Outlook: "Ship Realms – The Ocean and Us" from 18 July 2024

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Bremen cog from 1380 and the Hanseatic period

Cog Hall: daily 10 AM to 6 PM, Tickets: 10 Euros, reduced 5 Euros

Ships: daily 10 AM to 5.45 PM

 

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Archive of the Month

 

 

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The museum is under reconstruction, but can be visited. Plan your visit

Opening week of the new permanent exhibition "Ship Worlds - The Ocean and Us" until July 23. Daily guided tours and activities from 10 am to 8 pm.

[Translate to EN:]

Welcome to the world of ships

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News from the museum

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New Zealand historian conducts research at the DSM

Tony Brunt visits research depot and DSM exhibition

DSM colonialism researcher Tobias Goebel and historian Tony Brunt leafed through historical photo albums to find answers to the situation in Samoa at the time of German colonialism. Brunt also visited the POINTS OF VIEW exhibition at the Hafenmuseum Bremen and invited students to a discussion.

DSM takes over original recordings of the German Atlantic Expedition

Window into the history of research shipping

Almost 100 years after the German Atlantic Expedition with the research vessel METEOR I, the DSM takes over original recordings of the voyage as a donation from GEOMAR Helmholtz Centre for Ocean Research Kiel.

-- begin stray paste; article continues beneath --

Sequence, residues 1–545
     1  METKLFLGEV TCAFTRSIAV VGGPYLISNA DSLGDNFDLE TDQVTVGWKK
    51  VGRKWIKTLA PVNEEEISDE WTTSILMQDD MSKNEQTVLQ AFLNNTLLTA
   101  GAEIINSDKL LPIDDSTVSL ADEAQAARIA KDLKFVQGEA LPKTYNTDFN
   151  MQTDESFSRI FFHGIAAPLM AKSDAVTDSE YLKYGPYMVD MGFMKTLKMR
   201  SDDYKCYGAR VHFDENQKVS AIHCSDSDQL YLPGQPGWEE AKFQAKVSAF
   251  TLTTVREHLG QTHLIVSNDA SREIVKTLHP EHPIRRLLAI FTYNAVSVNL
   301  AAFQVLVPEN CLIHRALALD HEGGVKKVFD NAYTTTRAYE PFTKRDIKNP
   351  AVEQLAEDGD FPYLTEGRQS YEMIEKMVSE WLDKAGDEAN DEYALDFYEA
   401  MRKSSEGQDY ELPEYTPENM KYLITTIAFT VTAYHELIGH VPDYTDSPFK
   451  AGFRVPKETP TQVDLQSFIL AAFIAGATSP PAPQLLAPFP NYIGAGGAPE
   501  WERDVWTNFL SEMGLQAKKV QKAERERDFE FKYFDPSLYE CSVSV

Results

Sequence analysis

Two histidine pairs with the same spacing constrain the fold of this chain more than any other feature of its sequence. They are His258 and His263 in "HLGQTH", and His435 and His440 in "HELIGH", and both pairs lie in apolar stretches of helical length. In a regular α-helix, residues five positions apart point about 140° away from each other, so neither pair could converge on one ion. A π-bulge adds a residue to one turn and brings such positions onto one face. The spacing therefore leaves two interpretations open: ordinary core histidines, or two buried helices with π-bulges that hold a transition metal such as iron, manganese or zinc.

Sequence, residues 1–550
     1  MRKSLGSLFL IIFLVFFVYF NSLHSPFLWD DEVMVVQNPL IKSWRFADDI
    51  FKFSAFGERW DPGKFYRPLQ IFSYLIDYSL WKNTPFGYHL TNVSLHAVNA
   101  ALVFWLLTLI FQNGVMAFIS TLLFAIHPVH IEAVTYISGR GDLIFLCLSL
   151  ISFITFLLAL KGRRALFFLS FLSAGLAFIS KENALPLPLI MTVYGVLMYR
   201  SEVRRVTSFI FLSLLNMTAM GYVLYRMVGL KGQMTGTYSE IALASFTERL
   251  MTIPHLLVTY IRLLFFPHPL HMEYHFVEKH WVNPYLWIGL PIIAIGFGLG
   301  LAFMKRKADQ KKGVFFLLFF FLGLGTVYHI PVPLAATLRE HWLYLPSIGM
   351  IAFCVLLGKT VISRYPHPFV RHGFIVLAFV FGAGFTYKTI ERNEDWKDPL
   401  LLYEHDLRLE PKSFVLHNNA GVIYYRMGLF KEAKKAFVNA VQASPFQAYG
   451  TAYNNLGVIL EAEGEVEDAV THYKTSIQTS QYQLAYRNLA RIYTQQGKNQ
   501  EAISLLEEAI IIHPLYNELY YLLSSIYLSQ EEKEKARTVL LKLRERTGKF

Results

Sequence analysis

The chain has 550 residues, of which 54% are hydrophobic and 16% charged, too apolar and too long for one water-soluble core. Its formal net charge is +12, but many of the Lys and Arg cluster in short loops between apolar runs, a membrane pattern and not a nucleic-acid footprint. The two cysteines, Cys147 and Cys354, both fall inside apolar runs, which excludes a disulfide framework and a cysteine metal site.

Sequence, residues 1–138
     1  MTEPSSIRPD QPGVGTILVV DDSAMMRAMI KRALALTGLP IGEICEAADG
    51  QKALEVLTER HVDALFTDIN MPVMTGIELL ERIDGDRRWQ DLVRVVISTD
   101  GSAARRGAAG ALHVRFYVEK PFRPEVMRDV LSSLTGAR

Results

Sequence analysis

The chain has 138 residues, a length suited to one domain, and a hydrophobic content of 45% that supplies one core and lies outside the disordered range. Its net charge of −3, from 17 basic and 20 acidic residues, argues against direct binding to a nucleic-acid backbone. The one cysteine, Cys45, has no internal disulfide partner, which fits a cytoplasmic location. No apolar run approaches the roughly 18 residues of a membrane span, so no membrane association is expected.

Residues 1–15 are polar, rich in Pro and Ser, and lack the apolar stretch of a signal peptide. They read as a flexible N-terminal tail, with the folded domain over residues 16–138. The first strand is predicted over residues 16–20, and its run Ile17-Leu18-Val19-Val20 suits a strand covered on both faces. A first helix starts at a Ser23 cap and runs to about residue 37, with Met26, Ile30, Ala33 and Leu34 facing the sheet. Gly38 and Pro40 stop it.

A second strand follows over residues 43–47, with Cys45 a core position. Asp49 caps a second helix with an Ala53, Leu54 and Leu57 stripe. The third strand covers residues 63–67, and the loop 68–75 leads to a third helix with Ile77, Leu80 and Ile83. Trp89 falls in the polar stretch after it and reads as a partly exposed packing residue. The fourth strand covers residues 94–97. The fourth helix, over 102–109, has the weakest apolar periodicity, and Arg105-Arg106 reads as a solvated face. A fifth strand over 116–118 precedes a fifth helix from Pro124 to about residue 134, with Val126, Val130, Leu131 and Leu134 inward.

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DSM shows Archival of the Month

Treasure from the depot

In the new "Archivalie des Monats" series, a new historical document is in the spotlight every four weeks. Spot on!

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Sponsorship award for dissertation on the Hanseatic League in the North Atlanti

Award of the sponsoring association

In his award-winning dissertation, Dr. Philipp Grassel uses archaeological and historical sources to show the extent to which the Hanseatic merchants shaped life on the Faroe and Shetland Islands and on Iceland.

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DSM-Star von 1380

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The cog is the centrepiece of the museum. Behind the wreck, which is more than 600 years old, lies a research thriller: discovered by chance in 1962 in the mud of the Weser, the complex salvage took three years. Afterwards, a team of restorers assembled the 2000 individual parts. To prevent the brittle oak wood from shrinking, the wreck floated in a tank filled with preservative for 18 years; in 1999 the liquid was drained and the construction removed. The cog remains an exciting object of research for scientists from all over the world and is considered the best-preserved trading ship of the Middle Ages

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